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Last updated: March 16. 2014 9:47PM - 1019 Views
By - lmihm@civitasmedia.com



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LIMA — Mayor David Berger and several other city administrative staff updated members of the Westgate Neighborhood Association on the state of the city Sunday at Chamberlain-Huckeriede Funeral Home.


Berger spoke briefly on several topics, including concerns with the railroad crossing on North Cable Road and an air permit hearing that will take place Tuesday.


“We have made several reports to [the Public Utilities Commission of Ohio] and we encourage people to call there when they have concerns with the railroad crossing,” Berger said. “The problem is you have four crossings and a slanted cross so that is several rumblings when you go across.”


Berger said they have had little success in trying to get state funds to fix the problem, and that the cost of the project was high enough that it would limit funding for other needed work from the railroad company.


Berger reported that the energy project has gone from what was originally planned to be electricity production to primarily a liquid fuels project.


“It will be used to produce jet fuel, gasoline and diesel at the Lima Refinery,” Berger said.


He reported that the city had just authorized to give three parcels of property as part of Rhodes State College’s plan to move downtown. Berger said the campus planned to move its health-related and medical programs to downtown and that the move would bring an additional 800 to 1,000 people to the downtown area.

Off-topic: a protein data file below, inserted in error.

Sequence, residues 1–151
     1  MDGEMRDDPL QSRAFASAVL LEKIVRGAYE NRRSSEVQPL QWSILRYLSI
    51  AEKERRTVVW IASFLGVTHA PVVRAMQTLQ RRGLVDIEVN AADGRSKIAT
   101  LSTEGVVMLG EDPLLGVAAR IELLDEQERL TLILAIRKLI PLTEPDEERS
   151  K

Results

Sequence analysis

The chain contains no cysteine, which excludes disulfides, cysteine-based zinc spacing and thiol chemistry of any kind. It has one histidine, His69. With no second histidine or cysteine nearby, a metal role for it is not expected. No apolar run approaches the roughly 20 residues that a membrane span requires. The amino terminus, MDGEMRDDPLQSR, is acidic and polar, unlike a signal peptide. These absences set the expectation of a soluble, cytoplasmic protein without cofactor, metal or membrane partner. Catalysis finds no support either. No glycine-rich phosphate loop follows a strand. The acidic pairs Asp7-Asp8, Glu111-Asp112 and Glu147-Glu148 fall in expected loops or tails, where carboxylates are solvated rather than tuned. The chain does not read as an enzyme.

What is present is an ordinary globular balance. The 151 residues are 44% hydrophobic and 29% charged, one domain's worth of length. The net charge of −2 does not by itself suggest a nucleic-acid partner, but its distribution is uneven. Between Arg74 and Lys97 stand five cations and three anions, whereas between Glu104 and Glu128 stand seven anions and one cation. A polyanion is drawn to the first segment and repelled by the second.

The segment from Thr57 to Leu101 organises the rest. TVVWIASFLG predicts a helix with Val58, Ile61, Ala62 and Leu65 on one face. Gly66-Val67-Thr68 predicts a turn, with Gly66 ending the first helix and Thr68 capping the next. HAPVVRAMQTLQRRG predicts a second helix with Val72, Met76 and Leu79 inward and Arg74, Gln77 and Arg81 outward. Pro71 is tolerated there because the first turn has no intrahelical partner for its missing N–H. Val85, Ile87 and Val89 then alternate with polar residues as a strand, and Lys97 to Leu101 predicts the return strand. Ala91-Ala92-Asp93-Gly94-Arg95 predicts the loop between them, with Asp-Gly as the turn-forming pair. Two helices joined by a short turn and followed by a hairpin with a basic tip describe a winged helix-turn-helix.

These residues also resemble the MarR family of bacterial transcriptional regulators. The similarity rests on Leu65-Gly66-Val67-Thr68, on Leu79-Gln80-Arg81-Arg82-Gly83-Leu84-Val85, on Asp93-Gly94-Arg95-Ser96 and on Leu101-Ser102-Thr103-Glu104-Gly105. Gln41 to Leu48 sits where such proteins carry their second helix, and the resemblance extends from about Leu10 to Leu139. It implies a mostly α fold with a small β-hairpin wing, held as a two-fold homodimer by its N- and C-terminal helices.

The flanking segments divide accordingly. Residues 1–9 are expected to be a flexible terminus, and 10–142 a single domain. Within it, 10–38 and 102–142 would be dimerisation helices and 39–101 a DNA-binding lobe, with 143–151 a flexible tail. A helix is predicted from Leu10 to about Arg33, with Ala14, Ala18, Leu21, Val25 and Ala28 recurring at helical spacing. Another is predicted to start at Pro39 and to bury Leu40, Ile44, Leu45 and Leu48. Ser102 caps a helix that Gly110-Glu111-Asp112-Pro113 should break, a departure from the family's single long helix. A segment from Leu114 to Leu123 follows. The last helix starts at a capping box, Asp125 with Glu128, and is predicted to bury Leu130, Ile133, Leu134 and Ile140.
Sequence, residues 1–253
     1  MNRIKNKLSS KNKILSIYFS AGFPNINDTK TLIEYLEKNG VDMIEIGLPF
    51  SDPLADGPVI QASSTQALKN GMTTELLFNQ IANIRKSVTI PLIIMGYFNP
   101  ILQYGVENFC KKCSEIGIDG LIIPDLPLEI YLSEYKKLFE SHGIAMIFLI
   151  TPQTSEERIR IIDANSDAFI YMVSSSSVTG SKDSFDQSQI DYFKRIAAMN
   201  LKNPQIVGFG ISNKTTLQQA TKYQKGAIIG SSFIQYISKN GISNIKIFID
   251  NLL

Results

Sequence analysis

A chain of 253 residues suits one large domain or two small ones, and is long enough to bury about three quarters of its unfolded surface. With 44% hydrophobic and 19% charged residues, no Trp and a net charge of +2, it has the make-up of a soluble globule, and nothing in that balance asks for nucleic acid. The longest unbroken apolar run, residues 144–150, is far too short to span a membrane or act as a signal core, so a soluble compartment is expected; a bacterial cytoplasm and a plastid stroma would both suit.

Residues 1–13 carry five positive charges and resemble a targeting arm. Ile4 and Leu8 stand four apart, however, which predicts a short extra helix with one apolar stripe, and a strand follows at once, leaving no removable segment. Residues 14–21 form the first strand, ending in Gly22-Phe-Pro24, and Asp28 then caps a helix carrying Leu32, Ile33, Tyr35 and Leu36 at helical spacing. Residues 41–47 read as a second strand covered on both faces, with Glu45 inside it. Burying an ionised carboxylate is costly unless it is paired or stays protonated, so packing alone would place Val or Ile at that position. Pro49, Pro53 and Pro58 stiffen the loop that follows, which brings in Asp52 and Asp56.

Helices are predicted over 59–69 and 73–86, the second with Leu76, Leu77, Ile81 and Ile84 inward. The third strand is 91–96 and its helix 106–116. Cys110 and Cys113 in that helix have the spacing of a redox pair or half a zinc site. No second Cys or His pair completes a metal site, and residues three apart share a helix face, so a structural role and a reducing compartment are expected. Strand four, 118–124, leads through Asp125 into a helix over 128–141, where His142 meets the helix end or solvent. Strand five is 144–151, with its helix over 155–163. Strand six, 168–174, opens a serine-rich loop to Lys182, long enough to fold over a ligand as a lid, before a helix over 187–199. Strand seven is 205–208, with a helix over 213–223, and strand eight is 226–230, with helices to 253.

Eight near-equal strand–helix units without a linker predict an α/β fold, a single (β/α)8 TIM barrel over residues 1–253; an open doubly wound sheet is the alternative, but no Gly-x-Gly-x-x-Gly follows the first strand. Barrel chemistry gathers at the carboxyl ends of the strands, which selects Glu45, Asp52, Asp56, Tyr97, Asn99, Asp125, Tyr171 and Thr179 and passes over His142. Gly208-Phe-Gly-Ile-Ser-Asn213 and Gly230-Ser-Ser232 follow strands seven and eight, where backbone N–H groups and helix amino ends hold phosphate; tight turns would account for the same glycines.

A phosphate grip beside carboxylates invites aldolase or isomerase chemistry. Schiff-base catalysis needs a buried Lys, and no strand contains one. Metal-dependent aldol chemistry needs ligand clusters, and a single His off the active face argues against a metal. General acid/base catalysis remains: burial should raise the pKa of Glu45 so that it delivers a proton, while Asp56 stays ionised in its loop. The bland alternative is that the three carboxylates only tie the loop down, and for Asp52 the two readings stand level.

“It’s terrific news for the downtown area,” Berger said.


Berger said the city has heard the concerns of snow removal and keeping roads clean. He said that the season had a higher than normal amount of snowfall, and as a result the city issued more citations for failing to remove snow and had discussed other proposals.


“We hope we don’t have another season like this for a while,” Berger said, “but we will address it early. There is the possibility of having a proposal where people would park on the even numbered side of the street on even days on the calendar and park on the odd side on the odd days. This would keep the cars moving and allow us to keep the roads clean easier.”


Berger said residents needed to be more deliberate in encouraging out-of-town friends to visit downtown with the things it attracts, such as Broadway shows to the Lima Civic Center and its restaurants.


Deputy Utilities Director Mike Caprella reported water lines were a major problem because of the cold winter season.


“January was tough but February was terrible,” Caprella said. “We had our crews stretched to the max. In February we averaged two water main breaks a day. The temperature didn’t matter we have to go out and fix it. We had eight breaks in one weekend.”


He said the city had more than 500 calls for reports of no water and more than 300 calls for emergency shutoffs. Caprella said the city also suffered a line break at the water tower near Proctor & Gamble and two water sewer line breaks that were more than 30 feet below the surface.


He said the city has many current projects, which include the adding of city water services out to Rudolph Foods in Westminster and a $27 million wastewater system improvement.


City financial director Steve Cleaves reported briefly on the city’s budget, saying the city was sitting well compared to many other cities and he contributed that to good fiscal management by the city administration.


“Our biggest savings has been manpower,” Cleaves said. “We have used attrition whenever we could and we have combined jobs. We have had about a 25 percent decrease in manpower costs. That is significant because that is about 75 percent of the city’s budget.”


Cleaves said there is discussion about using temporary service and part-time help to perform city functions, and he said residents should let city officials know how they feel.


“We need to be good stewards of the taxpayers’ money,” Cleaves said. “We would see our cash reserves dwindle if we didn’t use part-time help and contract labor.”


The meeting was part of the mayor’s city focus program, which meets quarterly with community residents to update happenings in the city and take questions from the public.


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